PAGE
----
This is Portugal’s oldest officially demarcated sparkling wine region. It’s their thing. It’s what they do. Unlike any other region in the country, it is known almost exclusively for its traditional-method bubbly.

Packed with history, wine and otherwise, this little high-altitude, mountainous gem is tucked between Douro to the north and Dão to the south. Well-draining granitic soils give the wines concentration and intensity, while the cool nights help to retain acidity. The range of different grape varieties grown here also gives the winemakers a diverse palate of flavors and textures with which to work their sorcery. What the hell does all that wine-babble mean in my glass, you say? It means these wines are perfectly balanced, always fresh, wonderfully aromatic, and vibrantly flavored. Are they the stuff of legend? I wouldn’t go that far. But they are both approachably delicious and surprisingly classy.

All of this must mean they probably cost a lot, huh? Nope. Not a bit. They’re shockingly inexpensive. A supremely tasty bottle of single-vintage Terras Do Demo Malvasia Fina Bruto from the regional co-op will set you back a whopping €10 in-country. Is it my “house” bubbly? Yeah! Does it always make me happy? Yeah! Do I sometimes open it on a Monday night because I can? Of course!

The grande dame of the region is Murganheira. Their ancient Cistercian caves usher forth some downright sublime bottlings of many different styles—several of which can age into dreamy perfection. Fortunately, this fancy lady isn’t much more demanding on your bank account than the regional co-op. Classy and a cheap date? Thank you very much.

And don’t pass up the sparkling red. It’s great! I know, you’re skeptical. But trust me, it’s one of those “it sounds so weird, but it’s actually so good” things. And wow, does it ever pair beautifully with traditional Portuguese duck rice.

Bairrada DOC / Beira Atlântico VR

Main White Varieties
Bical, Fernão Pires (Maria Gomes), Arinto, Cercial, Chardonnay

Main Red Varieties
Baga, Alfrocheiro, Tinta Pinheira (Rufete), Touriga Nacional, Pinot Noir

Main Climate
Cool Atlantic-dominated maritime

Main Soils
Chalky clay-limestone and sand

White/Rosé Pairings
Just about anything. Seriously. Much like Champagne…but with a colorful, salty Portuguese accent.

This region is the big kahuna of Portuguese traditional-method sparkling wine, which is fitting since it’s right by the coast in this surfer’s paradise. Over half of the country’s bubbly comes from here. Despite being far better known for its still red wine from the regal Baga variety, the region nonetheless produces Portugal’s entry into the international fizz Olympics. This is really good stuff, serious stuff, but without the serious price tag. Praise be!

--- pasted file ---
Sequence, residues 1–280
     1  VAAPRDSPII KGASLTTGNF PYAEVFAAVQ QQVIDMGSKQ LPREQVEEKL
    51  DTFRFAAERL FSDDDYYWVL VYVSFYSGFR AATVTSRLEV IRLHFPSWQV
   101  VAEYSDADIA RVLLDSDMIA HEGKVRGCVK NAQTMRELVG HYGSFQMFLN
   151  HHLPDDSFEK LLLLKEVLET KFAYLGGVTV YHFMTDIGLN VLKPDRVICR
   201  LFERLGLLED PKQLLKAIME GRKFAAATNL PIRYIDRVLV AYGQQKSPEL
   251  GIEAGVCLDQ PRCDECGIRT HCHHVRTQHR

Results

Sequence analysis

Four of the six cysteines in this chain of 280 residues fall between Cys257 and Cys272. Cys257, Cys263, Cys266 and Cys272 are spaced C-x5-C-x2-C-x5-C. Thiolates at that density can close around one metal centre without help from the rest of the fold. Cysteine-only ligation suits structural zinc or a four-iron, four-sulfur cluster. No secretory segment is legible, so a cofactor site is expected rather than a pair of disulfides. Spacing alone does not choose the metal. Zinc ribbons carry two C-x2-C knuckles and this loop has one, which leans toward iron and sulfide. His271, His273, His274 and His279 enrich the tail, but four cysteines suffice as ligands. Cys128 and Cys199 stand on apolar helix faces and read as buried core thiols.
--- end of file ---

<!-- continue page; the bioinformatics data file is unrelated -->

Sitting on various combinations of chalky limestone, clay, and sand, these vines feel the full brunt of the Atlantic Ocean. It’s basically an overgrown beach. Growing conditions can be difficult at times, with winds and rain frequently sowing chaos during harvest. It takes skill, attention to detail and hard work in the vineyard to keep the vintage on track, but the end result is well worth it. This combination of factors produces some of the most graceful and structured wine in Portugal, whether it be red, white, rosé, or bubbly.

The entourage of diverse Portuguese varieties grown here, sometimes with a cameo from our French friends Chardonnay and Pinot Noir, combines with chalky clay soils and salty breezes to lend the wines rich fruit complexity and a minerally backbone. The Atlantic ocean rules the climate, and you can feel its personality in every sip. I would literally, and do literally, drink this stuff with anything…or without anything. It’s like the super-classy Swiss army knife of Portuguese wine. French toast, steak, shellfish, dessert, bar peanuts, my mom’s holiday chex-mix, it doesn’t matter. It always works, and it always hits the spot.

The legendary name in this region is Pato (translating to “duck”), with several members of the family running their own distinct wineries producing sublime juice. Usually recognizable by some form or mention of duck on the label, any of these examples—whether from Pato father or Pato daughters—will make an exquisite initial foray into the region. After you quack into a bottle, be sure to waddle your way to other producers as well. While you’ll find them all birds of a feather, you wouldn’t want to duck intra-regional diversity. Some can really make a splash. (I can do this all day.)

Now’s the time…

…because Portugal is on the rise in every way. As its culture’s global debutante ball has been unfolding, we’ve seen some of its wines and regions go from obscure footnotes to fashionably hot tickets. Baga from Bairrada, fun-fizzy Vinho Verde, Alentejo, and the grand reds of Douro are all now common topics in the greater wine conversation. And yet, here are these glorious traditional-method bottlings languishing inexpensively in the shadows. Lucky us!

Now that you’re in on the open-secret, it’s the ideal moment to seek them out. Nobody puts bubbly in a corner! Escort them to the dance floor and finally discover the Portuguese-accented beauty you’ve been missing.

John Sumners

California and Portugal specialist currently residing in Lisbon. Wine industry veteran and writer. Author of There’s More Than Port In Portugal: The Unpretentious Guide to Portuguese Wine. Instagram & Twitter - @grapeguzzling